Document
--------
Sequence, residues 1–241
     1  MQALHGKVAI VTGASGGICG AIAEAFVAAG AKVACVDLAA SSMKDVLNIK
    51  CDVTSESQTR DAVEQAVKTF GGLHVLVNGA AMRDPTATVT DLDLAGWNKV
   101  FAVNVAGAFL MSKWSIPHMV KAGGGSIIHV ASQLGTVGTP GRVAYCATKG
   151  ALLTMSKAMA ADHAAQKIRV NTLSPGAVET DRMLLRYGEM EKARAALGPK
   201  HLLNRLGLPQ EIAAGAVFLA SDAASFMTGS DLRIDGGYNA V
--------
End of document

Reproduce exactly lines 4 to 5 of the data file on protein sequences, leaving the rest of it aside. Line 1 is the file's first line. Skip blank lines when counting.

   101  FAVNVAGAFL MSKWSIPHMV KAGGGSIIHV ASQLGTVGTP GRVAYCATKG
   151  ALLTMSKAMA ADHAAQKIRV NTLSPGAVET DRMLLRYGEM EKARAALGPK